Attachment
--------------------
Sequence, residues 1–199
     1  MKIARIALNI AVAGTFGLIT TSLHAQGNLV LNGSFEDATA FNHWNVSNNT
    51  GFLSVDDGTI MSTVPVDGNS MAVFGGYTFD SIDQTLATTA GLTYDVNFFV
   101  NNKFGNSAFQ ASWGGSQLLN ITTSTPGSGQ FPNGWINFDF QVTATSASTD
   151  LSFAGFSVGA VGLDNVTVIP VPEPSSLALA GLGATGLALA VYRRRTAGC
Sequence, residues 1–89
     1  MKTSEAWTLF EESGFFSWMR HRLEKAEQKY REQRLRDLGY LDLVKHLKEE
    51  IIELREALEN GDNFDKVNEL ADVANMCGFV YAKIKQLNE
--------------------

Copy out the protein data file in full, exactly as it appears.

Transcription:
Sequence, residues 1–199
     1  MKIARIALNI AVAGTFGLIT TSLHAQGNLV LNGSFEDATA FNHWNVSNNT
    51  GFLSVDDGTI MSTVPVDGNS MAVFGGYTFD SIDQTLATTA GLTYDVNFFV
   101  NNKFGNSAFQ ASWGGSQLLN ITTSTPGSGQ FPNGWINFDF QVTATSASTD
   151  LSFAGFSVGA VGLDNVTVIP VPEPSSLALA GLGATGLALA VYRRRTAGC
Sequence, residues 1–89
     1  MKTSEAWTLF EESGFFSWMR HRLEKAEQKY REQRLRDLGY LDLVKHLKEE
    51  IIELREALEN GDNFDKVNEL ADVANMCGFV YAKIKQLNE